The coronavirus pandemic and resulting government actions to stem the spread of the virus have severely changed the way people across the world work and live. For Jordan’s garment sector, the national curfew and shutdown of business activity forced factories to suspend production.
On March 17, the Government of Jordan (GoJ) ordered a full lockdown, effectively shutting the country and most economic activity down. This directly affected the 76,000 workers employed in the garment sector.
Migrant workers, who make up roughly three-quarters of the workforce, continued to live in factory-provided dorms and housing. In these situations, social distancing is nearly impossible as on average eight workers share a room and meals are eaten in the factory canteen. It was paramount to keep workers in these conditions from being infected. Since the initial lockdown, the country has gradually reopened, and the government has provided further guidance and rules, particularly through Defense Order 6 and Defense Order 9 which ensured the payment of wages and prevented companies from firing workers.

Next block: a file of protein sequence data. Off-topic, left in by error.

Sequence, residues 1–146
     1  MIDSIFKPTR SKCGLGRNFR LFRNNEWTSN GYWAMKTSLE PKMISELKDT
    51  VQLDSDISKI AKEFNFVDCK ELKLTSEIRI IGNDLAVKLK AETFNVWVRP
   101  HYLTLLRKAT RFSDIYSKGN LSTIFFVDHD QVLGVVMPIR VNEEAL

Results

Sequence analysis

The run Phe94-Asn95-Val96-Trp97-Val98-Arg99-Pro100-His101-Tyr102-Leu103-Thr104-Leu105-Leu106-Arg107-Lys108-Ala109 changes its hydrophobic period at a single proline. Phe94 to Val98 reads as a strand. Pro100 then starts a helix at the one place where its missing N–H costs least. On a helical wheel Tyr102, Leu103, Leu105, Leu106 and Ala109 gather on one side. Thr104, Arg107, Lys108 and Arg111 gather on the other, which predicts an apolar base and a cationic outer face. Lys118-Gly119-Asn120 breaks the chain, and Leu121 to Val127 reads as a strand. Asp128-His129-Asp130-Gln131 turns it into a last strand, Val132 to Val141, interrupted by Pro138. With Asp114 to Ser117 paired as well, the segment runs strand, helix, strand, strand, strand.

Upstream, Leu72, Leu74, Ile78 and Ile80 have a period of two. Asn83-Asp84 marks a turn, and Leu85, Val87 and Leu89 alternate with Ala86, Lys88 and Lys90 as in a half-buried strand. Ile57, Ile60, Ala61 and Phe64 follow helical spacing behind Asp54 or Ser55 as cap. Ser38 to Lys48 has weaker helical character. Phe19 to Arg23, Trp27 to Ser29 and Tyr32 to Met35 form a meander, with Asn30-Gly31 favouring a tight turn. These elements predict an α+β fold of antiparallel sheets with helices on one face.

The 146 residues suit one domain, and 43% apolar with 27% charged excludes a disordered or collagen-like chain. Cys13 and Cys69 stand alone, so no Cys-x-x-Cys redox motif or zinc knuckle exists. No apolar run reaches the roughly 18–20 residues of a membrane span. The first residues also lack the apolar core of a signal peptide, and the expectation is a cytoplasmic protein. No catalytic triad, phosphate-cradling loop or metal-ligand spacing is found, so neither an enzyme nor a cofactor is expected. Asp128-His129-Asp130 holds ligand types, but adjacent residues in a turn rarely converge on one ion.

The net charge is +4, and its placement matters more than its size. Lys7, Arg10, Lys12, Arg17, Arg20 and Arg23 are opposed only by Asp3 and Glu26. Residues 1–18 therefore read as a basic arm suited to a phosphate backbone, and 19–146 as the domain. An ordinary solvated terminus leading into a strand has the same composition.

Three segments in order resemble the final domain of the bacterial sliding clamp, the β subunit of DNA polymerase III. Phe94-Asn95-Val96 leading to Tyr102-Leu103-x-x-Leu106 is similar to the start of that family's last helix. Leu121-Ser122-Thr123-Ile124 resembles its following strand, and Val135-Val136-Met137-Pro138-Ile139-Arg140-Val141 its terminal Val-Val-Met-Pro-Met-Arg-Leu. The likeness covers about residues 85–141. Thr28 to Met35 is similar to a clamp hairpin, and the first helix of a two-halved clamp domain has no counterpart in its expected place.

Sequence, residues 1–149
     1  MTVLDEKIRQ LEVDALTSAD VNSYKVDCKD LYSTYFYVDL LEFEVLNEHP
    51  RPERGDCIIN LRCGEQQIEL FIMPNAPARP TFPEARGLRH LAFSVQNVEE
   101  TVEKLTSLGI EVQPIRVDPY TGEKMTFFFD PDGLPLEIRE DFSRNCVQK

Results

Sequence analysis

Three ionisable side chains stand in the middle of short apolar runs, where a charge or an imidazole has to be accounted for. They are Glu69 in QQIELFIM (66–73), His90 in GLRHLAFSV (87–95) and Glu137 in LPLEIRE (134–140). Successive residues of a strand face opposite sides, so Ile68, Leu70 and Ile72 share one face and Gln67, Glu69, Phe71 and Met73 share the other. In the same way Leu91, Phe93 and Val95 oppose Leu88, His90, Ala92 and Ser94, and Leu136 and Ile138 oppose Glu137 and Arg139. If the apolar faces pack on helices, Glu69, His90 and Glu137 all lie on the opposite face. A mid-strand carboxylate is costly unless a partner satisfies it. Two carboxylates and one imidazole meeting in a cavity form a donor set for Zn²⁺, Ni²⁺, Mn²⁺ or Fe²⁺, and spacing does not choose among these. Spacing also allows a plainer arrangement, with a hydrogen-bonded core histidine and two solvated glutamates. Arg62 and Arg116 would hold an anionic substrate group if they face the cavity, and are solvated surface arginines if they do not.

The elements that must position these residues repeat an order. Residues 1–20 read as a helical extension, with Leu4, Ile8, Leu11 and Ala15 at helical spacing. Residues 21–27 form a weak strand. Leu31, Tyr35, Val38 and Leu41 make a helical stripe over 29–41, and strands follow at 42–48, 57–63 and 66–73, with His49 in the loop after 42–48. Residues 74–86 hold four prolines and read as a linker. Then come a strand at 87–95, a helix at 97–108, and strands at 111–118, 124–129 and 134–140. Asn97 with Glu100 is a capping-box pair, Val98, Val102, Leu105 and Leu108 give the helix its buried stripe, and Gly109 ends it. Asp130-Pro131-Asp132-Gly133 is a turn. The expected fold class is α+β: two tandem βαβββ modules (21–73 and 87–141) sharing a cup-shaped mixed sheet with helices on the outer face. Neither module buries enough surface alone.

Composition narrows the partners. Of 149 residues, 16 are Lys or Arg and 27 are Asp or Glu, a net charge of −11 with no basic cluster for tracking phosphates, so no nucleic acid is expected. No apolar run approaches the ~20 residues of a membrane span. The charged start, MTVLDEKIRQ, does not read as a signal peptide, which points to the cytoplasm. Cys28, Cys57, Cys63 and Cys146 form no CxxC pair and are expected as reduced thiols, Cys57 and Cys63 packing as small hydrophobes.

Additional information on these Defense Orders and other GoJ policies can be found on the Better Work Jordan (BWJ) website.